IEA: Solar and storage manufacturing boom to push world toward net-zero
Existing and planned manufacturing projects for clean energy technologies including solar and energy storage are outpacing the required levels to meet net-zero emissions by 2050, but other technologies will need to catch up.
The International Energy Agency’s (IEA) The State of Clean Technology Manufacturing report examined the estimated output of clean technologies.
The report found that, since 2022, the estimated output of manufacturing projects for solar solutions by 2030 has increased by 60%. Additionally, outputs for energy storage and battery solutions are up 25% by the same metrics.
The IEA claims that there is “growing global momentum behind a new energy economy”, but that manufacturing opportunities are dominated by three markets, namely China. If all announced clean technology projects worldwide were completed, the share of manufacturing clustered in these markets would shift to between 70% and 95% by 2030.
“If we look at the projects that are currently under construction or planned worldwide, China is set to strengthen its leading position in key clean energy technologies,” the IEA’s executive director Fatih Birol said.
“There is a need for effective international cooperation and further diversification to ensure secure and resilient technology supply chains, meet the world’s climate goals and enable all countries to enjoy the economic benefits of the new global energy economy.”
The report covers planned and announced manufacturing projects for solar PV, wind power, batteries, heat pumps and electrolysers. It found that if all the projects to date were deployed, the output of manufacturing capacity would reach $790bn a year by 2030.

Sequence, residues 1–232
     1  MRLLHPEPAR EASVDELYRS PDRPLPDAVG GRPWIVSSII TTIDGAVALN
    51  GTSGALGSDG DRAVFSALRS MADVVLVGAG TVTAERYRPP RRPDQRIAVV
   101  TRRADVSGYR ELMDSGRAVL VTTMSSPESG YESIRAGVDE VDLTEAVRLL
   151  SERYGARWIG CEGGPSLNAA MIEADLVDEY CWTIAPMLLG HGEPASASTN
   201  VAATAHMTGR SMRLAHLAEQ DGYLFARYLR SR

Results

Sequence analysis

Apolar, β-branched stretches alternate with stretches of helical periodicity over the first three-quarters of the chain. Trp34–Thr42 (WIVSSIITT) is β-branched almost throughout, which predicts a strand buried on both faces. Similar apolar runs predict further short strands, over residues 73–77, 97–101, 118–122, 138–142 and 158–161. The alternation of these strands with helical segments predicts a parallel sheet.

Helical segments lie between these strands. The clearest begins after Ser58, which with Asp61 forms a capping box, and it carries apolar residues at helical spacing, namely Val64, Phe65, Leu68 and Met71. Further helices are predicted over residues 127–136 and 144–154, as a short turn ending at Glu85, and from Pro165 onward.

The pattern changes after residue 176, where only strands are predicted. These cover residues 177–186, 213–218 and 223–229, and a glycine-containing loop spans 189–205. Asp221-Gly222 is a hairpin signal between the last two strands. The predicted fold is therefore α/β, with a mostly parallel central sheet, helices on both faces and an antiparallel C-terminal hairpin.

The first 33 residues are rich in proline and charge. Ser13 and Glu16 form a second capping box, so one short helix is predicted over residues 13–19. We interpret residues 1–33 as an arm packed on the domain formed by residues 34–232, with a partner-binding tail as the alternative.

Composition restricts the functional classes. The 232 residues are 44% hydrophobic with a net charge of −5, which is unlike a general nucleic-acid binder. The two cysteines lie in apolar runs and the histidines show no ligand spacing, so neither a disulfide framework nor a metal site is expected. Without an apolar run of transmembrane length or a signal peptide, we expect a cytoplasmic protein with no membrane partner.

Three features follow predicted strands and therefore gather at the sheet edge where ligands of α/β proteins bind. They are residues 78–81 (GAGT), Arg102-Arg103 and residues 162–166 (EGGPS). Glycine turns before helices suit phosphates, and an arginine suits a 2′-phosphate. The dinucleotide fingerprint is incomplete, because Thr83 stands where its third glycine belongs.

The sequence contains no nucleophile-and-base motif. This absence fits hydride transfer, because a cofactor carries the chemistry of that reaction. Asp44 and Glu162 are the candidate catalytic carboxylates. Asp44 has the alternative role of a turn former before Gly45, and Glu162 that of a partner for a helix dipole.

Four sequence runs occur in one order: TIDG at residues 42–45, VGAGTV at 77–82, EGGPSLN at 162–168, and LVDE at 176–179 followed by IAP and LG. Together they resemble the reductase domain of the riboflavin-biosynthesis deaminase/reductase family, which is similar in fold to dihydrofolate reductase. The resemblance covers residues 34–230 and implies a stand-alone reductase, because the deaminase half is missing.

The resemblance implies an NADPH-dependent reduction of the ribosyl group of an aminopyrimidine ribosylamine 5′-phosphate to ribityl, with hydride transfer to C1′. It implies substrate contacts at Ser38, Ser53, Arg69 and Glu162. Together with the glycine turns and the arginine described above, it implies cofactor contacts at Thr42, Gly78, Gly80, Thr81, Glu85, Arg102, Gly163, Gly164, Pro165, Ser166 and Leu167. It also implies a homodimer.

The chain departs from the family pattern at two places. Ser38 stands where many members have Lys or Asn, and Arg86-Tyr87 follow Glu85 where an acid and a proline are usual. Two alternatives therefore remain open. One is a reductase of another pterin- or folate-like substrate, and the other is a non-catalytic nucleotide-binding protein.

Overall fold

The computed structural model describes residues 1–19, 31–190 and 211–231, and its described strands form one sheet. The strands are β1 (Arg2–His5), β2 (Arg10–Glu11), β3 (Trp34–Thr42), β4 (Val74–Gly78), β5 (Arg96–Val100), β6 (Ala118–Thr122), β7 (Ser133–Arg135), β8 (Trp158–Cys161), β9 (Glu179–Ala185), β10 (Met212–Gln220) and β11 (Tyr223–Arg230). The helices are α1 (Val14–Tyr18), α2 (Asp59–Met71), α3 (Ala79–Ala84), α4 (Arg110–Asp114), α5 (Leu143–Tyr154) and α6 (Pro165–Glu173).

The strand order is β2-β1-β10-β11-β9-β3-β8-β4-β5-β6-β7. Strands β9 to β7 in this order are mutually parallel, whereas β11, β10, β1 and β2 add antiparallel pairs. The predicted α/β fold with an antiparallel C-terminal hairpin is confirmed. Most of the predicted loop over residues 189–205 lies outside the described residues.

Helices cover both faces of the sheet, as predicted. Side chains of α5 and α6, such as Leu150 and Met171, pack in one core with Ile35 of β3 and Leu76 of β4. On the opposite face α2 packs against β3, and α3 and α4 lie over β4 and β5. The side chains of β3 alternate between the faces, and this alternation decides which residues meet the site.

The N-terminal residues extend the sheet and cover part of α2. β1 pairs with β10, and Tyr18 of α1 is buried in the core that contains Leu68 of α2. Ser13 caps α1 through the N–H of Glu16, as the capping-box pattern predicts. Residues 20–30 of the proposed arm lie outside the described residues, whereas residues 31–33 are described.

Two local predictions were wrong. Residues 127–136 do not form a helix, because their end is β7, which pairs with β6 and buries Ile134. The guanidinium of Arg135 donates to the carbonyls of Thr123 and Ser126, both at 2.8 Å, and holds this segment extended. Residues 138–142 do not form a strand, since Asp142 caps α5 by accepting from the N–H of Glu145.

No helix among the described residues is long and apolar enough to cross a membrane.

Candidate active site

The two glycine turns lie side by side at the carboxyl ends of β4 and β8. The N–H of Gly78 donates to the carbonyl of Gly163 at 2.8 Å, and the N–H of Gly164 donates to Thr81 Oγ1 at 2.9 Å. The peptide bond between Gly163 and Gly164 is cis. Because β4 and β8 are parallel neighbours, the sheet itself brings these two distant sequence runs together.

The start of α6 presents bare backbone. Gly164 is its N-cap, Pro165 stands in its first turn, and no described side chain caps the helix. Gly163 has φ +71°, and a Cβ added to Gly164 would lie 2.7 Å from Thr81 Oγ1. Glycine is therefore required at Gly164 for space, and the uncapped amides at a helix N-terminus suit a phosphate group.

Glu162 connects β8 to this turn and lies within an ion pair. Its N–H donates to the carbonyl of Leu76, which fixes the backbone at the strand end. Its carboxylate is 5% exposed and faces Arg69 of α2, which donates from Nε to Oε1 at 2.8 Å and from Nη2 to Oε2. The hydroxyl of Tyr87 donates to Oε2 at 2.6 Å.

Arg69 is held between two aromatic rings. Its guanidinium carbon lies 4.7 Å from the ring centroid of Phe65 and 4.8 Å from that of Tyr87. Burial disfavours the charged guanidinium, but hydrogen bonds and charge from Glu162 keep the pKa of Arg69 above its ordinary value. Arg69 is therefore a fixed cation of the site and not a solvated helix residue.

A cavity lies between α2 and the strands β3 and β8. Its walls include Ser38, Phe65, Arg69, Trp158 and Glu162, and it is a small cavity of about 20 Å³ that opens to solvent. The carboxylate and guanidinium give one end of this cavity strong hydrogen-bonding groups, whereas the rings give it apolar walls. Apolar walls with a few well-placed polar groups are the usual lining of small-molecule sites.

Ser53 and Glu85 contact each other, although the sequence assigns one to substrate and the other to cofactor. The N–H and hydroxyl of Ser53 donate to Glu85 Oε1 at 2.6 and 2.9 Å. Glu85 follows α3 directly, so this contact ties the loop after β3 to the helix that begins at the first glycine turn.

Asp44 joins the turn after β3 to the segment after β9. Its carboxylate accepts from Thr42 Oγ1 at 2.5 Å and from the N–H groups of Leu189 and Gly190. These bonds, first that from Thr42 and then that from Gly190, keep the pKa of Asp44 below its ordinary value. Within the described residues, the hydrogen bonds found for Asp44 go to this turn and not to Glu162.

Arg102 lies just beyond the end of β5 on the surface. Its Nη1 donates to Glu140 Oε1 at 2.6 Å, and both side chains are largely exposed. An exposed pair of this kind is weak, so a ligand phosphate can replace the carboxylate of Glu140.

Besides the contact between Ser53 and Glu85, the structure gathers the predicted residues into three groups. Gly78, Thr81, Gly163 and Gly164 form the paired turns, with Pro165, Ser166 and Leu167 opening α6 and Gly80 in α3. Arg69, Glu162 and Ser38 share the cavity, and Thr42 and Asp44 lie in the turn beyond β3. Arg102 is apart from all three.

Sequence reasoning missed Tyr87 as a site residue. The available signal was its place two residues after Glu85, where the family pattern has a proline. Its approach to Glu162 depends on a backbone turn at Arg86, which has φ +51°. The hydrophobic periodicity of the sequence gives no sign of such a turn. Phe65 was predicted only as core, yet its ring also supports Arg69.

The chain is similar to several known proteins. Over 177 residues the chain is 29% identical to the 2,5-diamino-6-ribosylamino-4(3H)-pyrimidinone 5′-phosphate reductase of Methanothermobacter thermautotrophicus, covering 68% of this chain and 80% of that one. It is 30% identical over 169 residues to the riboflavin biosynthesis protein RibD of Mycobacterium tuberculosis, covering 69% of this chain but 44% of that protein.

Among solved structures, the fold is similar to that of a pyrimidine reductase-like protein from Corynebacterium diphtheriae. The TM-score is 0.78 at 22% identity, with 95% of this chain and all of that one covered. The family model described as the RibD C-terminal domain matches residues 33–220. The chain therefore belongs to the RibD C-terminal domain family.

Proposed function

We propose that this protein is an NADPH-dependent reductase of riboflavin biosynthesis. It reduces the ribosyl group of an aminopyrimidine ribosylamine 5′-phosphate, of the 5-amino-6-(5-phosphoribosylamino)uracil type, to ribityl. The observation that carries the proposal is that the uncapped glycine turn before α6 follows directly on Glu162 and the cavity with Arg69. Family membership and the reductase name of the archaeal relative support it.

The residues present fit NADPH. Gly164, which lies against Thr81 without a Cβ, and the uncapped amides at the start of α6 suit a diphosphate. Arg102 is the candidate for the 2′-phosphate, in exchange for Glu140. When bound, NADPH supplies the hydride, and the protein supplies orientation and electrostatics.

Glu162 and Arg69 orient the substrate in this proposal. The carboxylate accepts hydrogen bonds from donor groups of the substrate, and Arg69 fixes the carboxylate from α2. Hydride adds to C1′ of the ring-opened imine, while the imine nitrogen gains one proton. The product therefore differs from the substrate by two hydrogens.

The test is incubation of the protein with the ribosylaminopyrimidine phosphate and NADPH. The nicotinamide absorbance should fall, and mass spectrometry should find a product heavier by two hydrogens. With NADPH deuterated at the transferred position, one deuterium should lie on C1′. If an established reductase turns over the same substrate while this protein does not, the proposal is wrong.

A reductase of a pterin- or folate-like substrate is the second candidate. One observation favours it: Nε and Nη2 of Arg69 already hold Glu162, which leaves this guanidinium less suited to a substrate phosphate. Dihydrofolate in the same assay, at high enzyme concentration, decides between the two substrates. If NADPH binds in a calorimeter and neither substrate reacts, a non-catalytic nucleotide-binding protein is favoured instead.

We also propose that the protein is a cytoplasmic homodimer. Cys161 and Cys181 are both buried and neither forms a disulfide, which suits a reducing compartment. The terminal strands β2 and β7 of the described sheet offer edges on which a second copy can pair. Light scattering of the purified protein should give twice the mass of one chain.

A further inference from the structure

The IEA claims that, under this scenario, manufacturing outputs for solar PV would exceed the levels needed in its Net Zero Emissions by 2050 Scenario. Battery manufacturing capacity would also meet the level of the scenario envisaged for 2030. The remaining technologies would still be far off the required levels to deliver net-zero, however.
Earlier this year, research from the IEA found that clean energy manufacturing could be worth more than $650bn annually to the global economy by 2050.
The IEA’s Energy Technology Perspectives 2023 found that countries will need to overcome challenges related to supply chain concentration and a limited workforce in order to realise the economic potential of clean technology sectors. The report also states that clean energy manufacturing jobs could more than double to 14 million by 2030.
The report welcomed new flagship policies that will help drive the market in the near term. The Inflation Reduction Act in the US, for example, is a package of measures to help vulnerable people pay for health care and to reduce emissions, with a focus on energy and transport. Elsewhere, the Fit for 55 package and REPowerEU plan in the European Union are spurring market growth, as are Japan’s Green Transformation programme, and the Production Linked Incentive scheme in India that encourages manufacturing of solar PV and batteries.
More recently, the European Commission unveiled its highly anticipated proposals for a Net-Zero Industry Act to accelerate the scale-up and manufacturing of clean technologies across the European Union. Early drafts of the Net Zero Industry Act set out new targets of at least 40% of clean energy technologies to be manufactured in the EU by 2030, which has been formally adopted.